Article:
Since I live on the "garden" level (aka the sub-bunker level), I get an ankle's eye view of everyone coming and going, and some opportunity to extrapolate livelihoods and narrative arcs from feeble scraps like shoe-brands and grocery bag labels and the timbre of solemn or ecstatic voices. A short, round bus driver lives three floors above; he parks his neat, sensible little Corolla expertly every evening and minces his steps into the building. Pale, fashionable women sail past my windows, glowing in second-hand glamor and studded belts, crashing through the doors laughing, always. Gray young men in their fading jeans run past with their dogs and their watch caps, urgently smoking cigarettes and barely making rent. Babies sing through the ventilation well windows, echoing in the bathrooms and kitchens. I witness their entrances and exits, their remarkabilities and their quotidian dross, with all the intimate detachment of yet another silent built-in fixture in this aging structure, no more intrusive than the bookcase or the doorknob. My windows are angled such that when the blinds are half-opened, I am invisible. I see how eloquent the angles of hips and the fluid weaves of arms and legs can be, from one body to another. The body language of those who believe only they can read each other.
This morning I noticed new graffiti on the exterior wall of my apartment, roughly corresponding to the area above where my head lies on my bed. The marks are densely tangled and sharp, like a nest of thorns. As I read reports of the calamities in South Asia, I think of these tangled and sharp lives all around me, and the unthinkable numbers become only just marginally more conceivable. This is a small thing, but important, for me. Poignant anecdotes, individual stories of survival and loss seem exceedingly impertinent in the face of these "myriad of myriads", as Gibbon would describe it. But I also feel that I must fight against the urge to simplify things into the abstraction of anonymously vast numbers; this is the paradox, that enormity can only be dealt with in its totality.
Perhaps the tendency, in our culture, to simplify and generalize, is what lies at the heart of the UN relief coordinator Jan Egeland's remarks about the "stinginess" of the more developed countries in their relief efforts. The stinginess of our aid reflects the myopia of our vision; we cannot widen the scope of our assistance because we cannot wrap our minds around what has happened. I remember how it used to be said that my country would have to suffer some comparable degree of trauma to what the rest of the world has experienced, at one time or another, during this last calamitous century, before a people like us could begin to understand the problems of what goes on in less fortunate countries; but unfortunately, even after experiencing some extraordinarily traumatic times, our myopic ignorance persists, perhaps willfully so.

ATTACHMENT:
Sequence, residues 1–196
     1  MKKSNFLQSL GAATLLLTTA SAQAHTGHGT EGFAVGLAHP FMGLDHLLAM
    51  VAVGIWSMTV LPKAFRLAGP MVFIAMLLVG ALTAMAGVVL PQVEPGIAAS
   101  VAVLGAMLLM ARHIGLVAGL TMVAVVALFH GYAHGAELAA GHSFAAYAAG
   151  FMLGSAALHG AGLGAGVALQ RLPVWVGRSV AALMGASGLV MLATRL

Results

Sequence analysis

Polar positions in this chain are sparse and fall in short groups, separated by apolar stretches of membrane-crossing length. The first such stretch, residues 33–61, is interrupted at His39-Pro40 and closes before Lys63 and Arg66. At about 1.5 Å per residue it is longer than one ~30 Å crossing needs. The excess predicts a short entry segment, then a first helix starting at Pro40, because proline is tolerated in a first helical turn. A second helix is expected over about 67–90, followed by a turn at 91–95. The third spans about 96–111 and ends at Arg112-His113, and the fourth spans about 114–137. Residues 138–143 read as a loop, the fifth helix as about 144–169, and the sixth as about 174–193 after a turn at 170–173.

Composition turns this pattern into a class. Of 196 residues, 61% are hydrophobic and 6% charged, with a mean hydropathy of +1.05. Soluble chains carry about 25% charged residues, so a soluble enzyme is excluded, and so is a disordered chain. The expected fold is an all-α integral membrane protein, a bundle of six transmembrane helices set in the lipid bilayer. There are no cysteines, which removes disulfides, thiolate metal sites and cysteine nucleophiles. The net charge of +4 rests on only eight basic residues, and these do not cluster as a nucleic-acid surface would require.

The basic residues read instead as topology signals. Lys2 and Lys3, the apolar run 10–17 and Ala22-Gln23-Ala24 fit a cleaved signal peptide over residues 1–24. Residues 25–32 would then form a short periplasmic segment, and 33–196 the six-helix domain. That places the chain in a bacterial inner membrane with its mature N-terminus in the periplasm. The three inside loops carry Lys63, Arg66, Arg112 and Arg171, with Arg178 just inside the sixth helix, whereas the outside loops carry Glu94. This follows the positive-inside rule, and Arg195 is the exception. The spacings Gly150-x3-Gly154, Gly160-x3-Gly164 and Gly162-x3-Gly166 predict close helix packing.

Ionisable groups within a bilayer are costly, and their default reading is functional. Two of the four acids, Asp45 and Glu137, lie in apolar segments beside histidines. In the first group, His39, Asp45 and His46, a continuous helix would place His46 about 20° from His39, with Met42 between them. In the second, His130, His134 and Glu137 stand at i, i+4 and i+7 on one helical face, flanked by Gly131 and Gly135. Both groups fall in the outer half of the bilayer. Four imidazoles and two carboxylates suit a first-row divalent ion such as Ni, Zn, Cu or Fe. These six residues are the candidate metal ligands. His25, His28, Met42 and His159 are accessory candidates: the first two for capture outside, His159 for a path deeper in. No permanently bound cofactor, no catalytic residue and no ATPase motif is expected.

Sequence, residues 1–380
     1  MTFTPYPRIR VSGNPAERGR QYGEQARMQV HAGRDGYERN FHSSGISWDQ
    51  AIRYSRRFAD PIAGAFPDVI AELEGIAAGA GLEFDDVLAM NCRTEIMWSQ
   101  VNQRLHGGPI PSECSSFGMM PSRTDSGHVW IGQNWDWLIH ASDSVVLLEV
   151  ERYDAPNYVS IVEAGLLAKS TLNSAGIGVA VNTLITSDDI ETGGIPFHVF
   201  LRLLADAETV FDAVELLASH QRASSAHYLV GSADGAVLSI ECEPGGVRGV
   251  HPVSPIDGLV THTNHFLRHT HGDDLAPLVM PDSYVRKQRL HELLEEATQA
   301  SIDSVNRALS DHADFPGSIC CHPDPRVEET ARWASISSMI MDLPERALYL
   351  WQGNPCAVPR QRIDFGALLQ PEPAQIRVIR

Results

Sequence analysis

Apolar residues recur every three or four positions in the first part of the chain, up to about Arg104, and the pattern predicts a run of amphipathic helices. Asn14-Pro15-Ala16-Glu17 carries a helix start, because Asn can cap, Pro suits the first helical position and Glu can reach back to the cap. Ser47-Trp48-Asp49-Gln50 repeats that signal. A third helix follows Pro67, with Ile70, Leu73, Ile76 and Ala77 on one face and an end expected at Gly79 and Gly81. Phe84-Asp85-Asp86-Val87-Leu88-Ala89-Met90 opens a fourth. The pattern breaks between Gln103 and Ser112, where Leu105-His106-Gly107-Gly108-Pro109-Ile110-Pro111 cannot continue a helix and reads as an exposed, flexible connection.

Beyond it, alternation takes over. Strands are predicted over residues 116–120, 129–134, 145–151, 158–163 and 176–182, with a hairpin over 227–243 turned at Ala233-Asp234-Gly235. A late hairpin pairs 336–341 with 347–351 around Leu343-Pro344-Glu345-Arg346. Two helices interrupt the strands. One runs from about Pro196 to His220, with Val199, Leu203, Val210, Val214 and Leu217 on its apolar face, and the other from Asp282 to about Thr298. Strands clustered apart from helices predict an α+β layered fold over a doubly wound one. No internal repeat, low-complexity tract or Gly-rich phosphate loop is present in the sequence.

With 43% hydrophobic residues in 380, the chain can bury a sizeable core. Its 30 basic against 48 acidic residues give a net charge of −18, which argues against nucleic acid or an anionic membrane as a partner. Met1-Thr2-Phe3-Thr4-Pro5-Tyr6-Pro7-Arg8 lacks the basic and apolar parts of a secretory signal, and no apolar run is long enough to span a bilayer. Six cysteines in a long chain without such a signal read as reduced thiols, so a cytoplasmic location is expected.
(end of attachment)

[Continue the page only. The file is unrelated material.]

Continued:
The most I can imagine is the swirl of people living above and around me, swept in a sharply tangled mess of thorns and ocean currents. I can only barely visualize the floating shoals of grocery bags and orphaned shoes and the awfully silent voices. These slender limits of our words and our hearts are like vulnerable islands in the vastness of the sea.
But now I'm just angry about this Guardian Article I just read, and once again I'm feeling singularly disenchanted with my country right now. Just in time for the holiday. Fucking self-righteous bigoted ignorant dumbshit Republican ass-hats.
No doubt things will look better in the morning. Incidentally, if anyone in the world right now has some extra whup-ass lying around, could you send it our way? We could really use it. Thanks.
feathers rustling softly
in the radiant celestial heat
their distant calls
for a moment
that the sea is there, too,
a gentle tumult
just outside my window.
In my dreams
the tides are stirring
the waxing moon,
and the birds
and the waters
lap and ebb
around the lamppost of the moon
Some of the Library's books I'm reading (I'll update the Amazon links to your left later):
- East, by Edith Pattou
- The Land Where the Blues Began, by Alan Lomax
- Safe Area: Gorazde, by Joe Sacco
- Red Oleanders, by Rabindranath Tagore
- Topdog/Underdog, by Suzan-Lori Parks
- In Patagonia, by Bruce Chatwin
- Elephas Maximas--A Portrait of the Indian Elephant, by Stephen Alter
Once again the sunlight is brilliant right now, here in Portland. I've been busy as usual these past several days, after having returned from the high-level holiday summit conference with the great powers in my mother's side of the family, In Canada. Slipping back into the Library's On-Call System (where the workshifts are, unfortunately, few and far between). But this is Okay, ultimately, because I'm also delivering, of all things, Honey-Baked Hams on behalf of my father (who, in addition to running his own mortgage company, probably launders money or smuggles coke to pay for the beach house he just built--and the coke theory would explain the unnaturally addictive properties of these Hams I'm delivering--I have no idea what kind of connection he has with the Ham people except that every year he gets 20 hams, (hush-money? The take from the bookies? Pork farmers paying for protection?), and the tradition is that I go around the city dropping off these 10 lb. hams at relatives' and "clients'" doorsteps.